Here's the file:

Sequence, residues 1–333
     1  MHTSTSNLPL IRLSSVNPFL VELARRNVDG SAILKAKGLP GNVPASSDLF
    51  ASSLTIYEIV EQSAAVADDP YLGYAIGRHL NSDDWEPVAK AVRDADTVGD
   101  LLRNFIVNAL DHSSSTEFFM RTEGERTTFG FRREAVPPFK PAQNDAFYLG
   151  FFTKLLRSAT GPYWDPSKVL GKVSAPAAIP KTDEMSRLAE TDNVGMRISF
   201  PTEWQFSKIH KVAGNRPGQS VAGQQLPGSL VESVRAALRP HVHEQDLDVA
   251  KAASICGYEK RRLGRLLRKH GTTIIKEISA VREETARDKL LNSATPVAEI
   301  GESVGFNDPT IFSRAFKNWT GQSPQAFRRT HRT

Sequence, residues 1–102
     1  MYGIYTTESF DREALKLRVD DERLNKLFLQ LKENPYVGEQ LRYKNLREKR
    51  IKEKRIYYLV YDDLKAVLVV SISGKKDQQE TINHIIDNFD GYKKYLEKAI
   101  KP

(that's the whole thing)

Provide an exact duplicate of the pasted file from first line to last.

Sequence, residues 1–333
     1  MHTSTSNLPL IRLSSVNPFL VELARRNVDG SAILKAKGLP GNVPASSDLF
    51  ASSLTIYEIV EQSAAVADDP YLGYAIGRHL NSDDWEPVAK AVRDADTVGD
   101  LLRNFIVNAL DHSSSTEFFM RTEGERTTFG FRREAVPPFK PAQNDAFYLG
   151  FFTKLLRSAT GPYWDPSKVL GKVSAPAAIP KTDEMSRLAE TDNVGMRISF
   201  PTEWQFSKIH KVAGNRPGQS VAGQQLPGSL VESVRAALRP HVHEQDLDVA
   251  KAASICGYEK RRLGRLLRKH GTTIIKEISA VREETARDKL LNSATPVAEI
   301  GESVGFNDPT IFSRAFKNWT GQSPQAFRRT HRT

Sequence, residues 1–102
     1  MYGIYTTESF DREALKLRVD DERLNKLFLQ LKENPYVGEQ LRYKNLREKR
    51  IKEKRIYYLV YDDLKAVLVV SISGKKDQQE TINHIIDNFD GYKKYLEKAI
   101  KP